Rahul Singh, Hindustan Times
20 April 2015
NEW DELHI – India is keeping a close eye on the growing military cooperation between Pakistan and China as Islamabad and Beijing inch closer to hammering out a landmark submarine deal, navy chief Admiral Robin Dhowan said on Sunday.
In an exclusive interview to HT, Dhowan said the navy was keeping the Indian Ocean under tight surveillance to be ready for any eventuality.
“We have our eyes firmly set on waters of interest around us. The navy is a multi-dimensional combat force and we are looking at all aspects related to sea control and sea denial amid the unfolding developments in the region,” Dhowan said in his first-ever interview after completing a year in office.
His comments come a day before Chinese President Xi Jinping lands in Pakistan for his maiden visit that is likely to see the finalisation of a deal for buying eight diesel-electric submarines, strengthening Islamabad’s current fleet of five French submarines, including two ageing vessels manufactured in the 1970s.
The agreement will be one of Beijing’s biggest exports and make Islamabad’s submarine strength competitive with that of New Delhi, which operates 14 such vessels.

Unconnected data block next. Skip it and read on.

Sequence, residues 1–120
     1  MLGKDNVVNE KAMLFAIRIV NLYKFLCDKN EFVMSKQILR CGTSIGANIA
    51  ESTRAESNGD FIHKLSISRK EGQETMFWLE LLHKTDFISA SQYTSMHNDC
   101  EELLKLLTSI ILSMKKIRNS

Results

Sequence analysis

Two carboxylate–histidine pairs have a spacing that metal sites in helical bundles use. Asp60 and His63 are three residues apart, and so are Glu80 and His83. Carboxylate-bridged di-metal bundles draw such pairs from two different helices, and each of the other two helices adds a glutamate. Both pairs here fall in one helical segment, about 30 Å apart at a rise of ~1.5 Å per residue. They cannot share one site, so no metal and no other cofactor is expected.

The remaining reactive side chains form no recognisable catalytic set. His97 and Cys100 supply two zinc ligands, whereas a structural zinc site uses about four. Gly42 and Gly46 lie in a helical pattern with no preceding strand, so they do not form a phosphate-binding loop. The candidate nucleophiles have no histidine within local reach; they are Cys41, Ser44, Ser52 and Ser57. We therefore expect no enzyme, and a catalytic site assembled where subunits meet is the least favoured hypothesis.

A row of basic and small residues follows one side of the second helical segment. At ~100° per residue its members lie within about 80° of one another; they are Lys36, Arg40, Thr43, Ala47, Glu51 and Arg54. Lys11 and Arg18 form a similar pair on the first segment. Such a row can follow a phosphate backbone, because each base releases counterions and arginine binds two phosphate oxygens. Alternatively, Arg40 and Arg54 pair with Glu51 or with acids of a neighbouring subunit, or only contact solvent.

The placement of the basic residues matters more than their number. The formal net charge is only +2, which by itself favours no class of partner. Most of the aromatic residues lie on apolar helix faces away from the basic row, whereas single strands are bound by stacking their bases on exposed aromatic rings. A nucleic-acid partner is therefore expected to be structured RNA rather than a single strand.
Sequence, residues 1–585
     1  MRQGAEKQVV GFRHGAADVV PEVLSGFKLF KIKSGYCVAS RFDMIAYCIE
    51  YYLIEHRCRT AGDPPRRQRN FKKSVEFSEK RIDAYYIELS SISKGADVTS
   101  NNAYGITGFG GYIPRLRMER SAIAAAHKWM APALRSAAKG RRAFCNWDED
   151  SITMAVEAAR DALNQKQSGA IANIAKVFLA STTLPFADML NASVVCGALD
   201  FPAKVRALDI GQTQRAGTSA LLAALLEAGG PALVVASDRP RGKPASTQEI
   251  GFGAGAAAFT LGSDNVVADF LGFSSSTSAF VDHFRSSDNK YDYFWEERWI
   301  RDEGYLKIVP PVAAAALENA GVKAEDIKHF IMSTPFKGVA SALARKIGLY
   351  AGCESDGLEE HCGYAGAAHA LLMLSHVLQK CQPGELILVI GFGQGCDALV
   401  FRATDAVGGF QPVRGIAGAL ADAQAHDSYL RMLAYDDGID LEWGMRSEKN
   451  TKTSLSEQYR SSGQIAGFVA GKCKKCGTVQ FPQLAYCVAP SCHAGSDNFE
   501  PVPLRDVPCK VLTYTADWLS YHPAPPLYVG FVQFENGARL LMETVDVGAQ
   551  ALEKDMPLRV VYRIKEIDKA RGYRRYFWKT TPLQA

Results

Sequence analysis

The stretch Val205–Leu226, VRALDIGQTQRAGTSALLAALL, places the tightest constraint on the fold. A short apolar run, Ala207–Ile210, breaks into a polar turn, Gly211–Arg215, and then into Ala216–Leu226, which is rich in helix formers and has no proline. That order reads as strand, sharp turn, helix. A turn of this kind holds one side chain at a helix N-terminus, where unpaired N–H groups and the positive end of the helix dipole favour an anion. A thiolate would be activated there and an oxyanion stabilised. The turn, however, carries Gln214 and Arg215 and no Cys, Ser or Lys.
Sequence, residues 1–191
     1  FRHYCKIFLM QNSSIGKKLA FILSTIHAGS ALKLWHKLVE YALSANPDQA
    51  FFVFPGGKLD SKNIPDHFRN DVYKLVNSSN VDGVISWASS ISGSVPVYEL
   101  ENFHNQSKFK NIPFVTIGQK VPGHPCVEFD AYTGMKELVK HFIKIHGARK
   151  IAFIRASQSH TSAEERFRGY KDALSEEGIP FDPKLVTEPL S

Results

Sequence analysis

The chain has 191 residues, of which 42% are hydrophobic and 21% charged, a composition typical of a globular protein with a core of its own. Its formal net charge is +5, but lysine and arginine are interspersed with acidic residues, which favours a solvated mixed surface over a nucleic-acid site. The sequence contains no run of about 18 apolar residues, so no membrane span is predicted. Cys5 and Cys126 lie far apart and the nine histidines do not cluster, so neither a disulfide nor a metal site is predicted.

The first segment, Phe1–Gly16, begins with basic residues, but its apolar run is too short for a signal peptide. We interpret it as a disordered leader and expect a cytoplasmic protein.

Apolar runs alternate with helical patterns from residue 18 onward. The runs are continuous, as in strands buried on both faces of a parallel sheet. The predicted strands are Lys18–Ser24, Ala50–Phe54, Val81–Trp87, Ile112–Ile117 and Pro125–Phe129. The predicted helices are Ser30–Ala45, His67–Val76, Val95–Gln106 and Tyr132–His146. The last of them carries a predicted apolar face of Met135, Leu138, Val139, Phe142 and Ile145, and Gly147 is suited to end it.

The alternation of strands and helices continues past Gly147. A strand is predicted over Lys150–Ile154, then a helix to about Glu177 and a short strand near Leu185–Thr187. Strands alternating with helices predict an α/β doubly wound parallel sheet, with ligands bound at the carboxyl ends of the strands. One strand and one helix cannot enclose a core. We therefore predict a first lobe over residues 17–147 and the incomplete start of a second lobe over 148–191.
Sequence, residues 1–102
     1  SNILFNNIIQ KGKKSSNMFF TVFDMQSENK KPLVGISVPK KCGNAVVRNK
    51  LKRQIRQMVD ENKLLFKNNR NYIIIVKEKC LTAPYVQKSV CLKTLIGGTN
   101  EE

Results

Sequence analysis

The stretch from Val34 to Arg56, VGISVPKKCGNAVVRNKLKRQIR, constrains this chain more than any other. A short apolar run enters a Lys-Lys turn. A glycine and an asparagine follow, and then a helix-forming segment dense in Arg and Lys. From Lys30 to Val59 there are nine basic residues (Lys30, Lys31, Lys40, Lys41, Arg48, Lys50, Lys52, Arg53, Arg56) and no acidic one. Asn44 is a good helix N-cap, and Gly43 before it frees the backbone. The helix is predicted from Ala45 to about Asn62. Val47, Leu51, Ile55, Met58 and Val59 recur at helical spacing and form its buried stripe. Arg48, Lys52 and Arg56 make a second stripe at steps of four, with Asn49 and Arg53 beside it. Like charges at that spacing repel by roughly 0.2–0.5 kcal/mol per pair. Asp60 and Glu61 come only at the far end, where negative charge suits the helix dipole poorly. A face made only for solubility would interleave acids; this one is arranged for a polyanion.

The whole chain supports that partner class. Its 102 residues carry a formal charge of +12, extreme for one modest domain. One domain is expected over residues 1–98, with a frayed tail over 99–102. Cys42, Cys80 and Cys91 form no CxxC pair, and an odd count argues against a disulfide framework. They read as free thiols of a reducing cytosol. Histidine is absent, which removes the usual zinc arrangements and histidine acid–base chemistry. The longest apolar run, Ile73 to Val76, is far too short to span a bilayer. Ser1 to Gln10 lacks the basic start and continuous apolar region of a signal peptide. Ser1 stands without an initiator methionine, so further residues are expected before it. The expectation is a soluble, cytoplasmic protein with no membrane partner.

“The navy is closely tracking the developments in the Chinese navy and keeping an eye on their deployment patterns in the Indian Ocean region (IOR). We will have to see which way Pakistan-China military cooperation is headed,” the navy chief said.
India has rapidly modernised its navy in recent years but still lags behind the Chinese Navy, which operates close to 60 submarines, including nuclear-powered attack and ballistic missile submarines. It is also preparing to commission three more advanced nuclear-powered attack submarines.
The last decade has seen Beijing scale up its presence in the Indian Ocean, building a string of ports, power plants and highways across the small island nations at the cost of billions of dollars. But India hasn’t been caught unawares and is planning to boost its undersea capabilities by inducting 24 more submarines, including six nuclear-powered attack vessels, by 2030, the navy chief said.
The navy was scaling up its strengths under its 15-year maritime capabilities perspective plan and “we cannot have knee-jerk reactions (to capability build up by neighbours) in these long-term plans,” Dhowan said.
The navy chief also said the only change in the Chinese navy deployment in the Indian Ocean region in the last six to seven years was the “occasional deployment” of submarines. “The navy keeps its surveillance on waters of interest to see that we are ready for any eventuality, anytime” he added.
In an exclusive interview to HT last week, defence minister Manohar Parrikar had also cautioned against Pakistani naval expansion becoming “a weakness in India’s armour of controlling the ocean.”
“We are not going to neglect any area because our maritime interests need to be guarded on all fronts and in all dimensions,” Dhowan said.